Stop Worrying About Your Future Grandchildren That Aren’t
The Seesaw is a new kind of advice column in which a broad range of columnists will address the real life issues faced by interfaith couples and families. Read the discussion and vote below for what you think is the best response to this particular quandary. You can email your own questions, which will remain anonymous, to: firstname.lastname@example.org
But We Might Not Even Have Kids
I’m an Asian American Christian woman and am currently planning my wedding alongside my partner, an American Jew. It will be interfaith and we have worked hard to create a ceremony that is meaningful to both of us. Our parents seem to feel comfortable with the wedding, but truthfully it is hard to tell because all anyone ever wants to ask us about is how we will raise our kids.
We are 25 and 26. We are both in the beginnings of very demanding careers. We believe we want kids, though are not entirely sure. If we do, we agree that they are not in the cards for at least seven years. Overall, at this point kids are very abstract for us, so no, we don’t think it is necessary to plan out their religious lives. This doesn’t scare us because we believe we have a solid relationship that will allow us to work together and come up with the right solution when the time comes. Seesaw, why isn’t this enough for our parents, if it is enough for us? —Trust Us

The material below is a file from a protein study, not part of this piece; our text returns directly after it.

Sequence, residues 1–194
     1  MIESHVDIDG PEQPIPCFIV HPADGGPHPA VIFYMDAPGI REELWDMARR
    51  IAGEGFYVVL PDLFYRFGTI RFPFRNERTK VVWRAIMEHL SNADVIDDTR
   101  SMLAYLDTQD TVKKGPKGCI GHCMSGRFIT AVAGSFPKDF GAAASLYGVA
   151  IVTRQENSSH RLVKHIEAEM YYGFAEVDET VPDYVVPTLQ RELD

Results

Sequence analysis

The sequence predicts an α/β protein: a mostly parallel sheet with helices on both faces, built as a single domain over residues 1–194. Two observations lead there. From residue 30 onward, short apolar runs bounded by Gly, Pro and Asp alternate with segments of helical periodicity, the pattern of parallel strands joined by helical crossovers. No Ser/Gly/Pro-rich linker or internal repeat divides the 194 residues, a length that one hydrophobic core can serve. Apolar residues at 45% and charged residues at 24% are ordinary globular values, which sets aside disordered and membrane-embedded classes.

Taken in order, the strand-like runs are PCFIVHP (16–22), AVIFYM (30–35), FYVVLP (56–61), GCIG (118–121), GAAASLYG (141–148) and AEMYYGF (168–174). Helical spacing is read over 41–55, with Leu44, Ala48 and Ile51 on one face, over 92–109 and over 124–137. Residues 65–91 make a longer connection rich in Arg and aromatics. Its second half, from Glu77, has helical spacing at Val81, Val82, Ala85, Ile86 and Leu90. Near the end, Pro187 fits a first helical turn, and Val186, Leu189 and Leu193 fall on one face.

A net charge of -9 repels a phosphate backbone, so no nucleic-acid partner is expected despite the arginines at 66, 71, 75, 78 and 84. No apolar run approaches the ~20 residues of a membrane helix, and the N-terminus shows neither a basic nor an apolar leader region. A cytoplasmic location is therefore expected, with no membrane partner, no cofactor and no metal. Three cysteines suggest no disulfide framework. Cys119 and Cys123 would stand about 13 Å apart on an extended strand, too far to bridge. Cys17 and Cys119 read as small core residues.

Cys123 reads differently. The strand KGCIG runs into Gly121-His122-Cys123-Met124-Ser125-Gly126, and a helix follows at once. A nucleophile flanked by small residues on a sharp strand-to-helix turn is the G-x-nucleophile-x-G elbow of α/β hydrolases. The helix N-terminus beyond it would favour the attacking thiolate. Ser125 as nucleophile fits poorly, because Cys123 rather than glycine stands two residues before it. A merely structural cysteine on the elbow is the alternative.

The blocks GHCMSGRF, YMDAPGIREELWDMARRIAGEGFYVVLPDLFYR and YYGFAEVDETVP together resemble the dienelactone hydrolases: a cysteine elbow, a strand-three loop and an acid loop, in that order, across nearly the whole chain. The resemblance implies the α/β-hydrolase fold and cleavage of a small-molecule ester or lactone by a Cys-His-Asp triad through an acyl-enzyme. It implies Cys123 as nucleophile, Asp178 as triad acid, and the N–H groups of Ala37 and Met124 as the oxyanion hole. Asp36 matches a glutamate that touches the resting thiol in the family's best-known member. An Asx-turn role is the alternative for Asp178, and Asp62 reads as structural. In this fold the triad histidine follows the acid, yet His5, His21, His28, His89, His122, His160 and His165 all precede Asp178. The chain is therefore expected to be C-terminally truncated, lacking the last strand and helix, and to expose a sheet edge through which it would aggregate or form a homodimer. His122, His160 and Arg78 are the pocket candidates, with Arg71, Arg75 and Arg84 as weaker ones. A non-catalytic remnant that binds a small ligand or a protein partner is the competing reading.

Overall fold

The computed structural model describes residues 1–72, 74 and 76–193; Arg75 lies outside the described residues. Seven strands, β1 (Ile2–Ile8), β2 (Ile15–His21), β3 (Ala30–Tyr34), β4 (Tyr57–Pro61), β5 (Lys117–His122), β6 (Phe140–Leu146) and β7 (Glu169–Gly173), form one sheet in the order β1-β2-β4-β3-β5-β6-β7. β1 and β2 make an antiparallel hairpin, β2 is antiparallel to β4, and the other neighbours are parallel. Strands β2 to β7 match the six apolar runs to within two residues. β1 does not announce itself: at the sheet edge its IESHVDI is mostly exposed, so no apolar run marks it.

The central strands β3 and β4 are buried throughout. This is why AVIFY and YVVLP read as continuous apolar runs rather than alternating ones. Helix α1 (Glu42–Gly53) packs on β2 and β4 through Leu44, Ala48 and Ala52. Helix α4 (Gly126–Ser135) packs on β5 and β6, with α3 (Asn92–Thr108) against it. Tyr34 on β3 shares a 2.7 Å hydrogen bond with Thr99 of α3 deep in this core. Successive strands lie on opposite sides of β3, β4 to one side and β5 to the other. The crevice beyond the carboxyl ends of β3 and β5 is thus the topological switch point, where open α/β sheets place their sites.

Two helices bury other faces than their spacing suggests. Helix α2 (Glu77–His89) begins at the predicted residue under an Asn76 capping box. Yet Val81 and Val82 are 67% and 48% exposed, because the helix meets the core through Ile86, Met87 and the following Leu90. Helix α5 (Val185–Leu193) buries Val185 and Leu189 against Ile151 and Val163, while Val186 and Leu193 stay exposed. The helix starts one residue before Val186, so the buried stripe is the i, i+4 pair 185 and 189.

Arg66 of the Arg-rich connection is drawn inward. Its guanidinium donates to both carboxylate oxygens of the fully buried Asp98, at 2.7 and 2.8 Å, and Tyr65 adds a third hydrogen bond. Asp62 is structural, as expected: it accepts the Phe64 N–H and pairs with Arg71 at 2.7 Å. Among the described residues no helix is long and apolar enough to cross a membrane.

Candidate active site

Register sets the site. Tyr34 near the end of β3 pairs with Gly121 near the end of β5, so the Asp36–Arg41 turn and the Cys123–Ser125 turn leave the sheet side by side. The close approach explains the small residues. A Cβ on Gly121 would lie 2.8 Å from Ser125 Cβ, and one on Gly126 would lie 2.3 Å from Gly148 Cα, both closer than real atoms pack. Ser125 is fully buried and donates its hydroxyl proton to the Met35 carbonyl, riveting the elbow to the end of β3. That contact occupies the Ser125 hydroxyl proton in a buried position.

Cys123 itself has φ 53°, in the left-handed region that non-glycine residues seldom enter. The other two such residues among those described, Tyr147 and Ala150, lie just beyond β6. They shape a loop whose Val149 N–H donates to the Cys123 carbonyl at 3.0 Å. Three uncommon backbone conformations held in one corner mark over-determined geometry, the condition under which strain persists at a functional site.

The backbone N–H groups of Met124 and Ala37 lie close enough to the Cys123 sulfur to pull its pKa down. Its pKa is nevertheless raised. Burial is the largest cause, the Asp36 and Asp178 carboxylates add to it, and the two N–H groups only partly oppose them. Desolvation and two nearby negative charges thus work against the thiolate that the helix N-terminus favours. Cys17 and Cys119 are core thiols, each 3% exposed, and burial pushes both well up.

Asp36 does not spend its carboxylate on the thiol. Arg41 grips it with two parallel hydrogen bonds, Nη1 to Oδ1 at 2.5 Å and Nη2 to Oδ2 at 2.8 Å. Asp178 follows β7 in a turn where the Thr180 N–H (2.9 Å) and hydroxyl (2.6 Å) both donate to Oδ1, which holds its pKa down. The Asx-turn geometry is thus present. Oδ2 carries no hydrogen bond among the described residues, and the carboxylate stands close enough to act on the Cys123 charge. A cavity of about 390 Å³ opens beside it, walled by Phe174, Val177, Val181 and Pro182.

Marriage is a Single Mountain, Children Are the Alps
JAMES PONET: I have long felt that a wedding in itself constitutes a revolution in the life of a young couple and in the life of their families. To envision the event, design invitations, attend to details of ceremony, music, food, dancing, seating, consider speeches and speakers, deserves and usually requires the intimate collaboration of the couple with family and friends. Additionally wedding preparation almost always precipitates challenges, exposes fault lines. For there is a quality of finality to a wedding — you can see it and feel it in the smashing of the glass — that awakens deep, often buried emotions. For this reason Jewish tradition construed a wedding as a seven day event that ran parallel to but in the obverse direction of the first phase of mourning, sitting shiva, the seven day marker of loss. A wedding celebrates the creation of a world; a funeral commemorates loss of a world.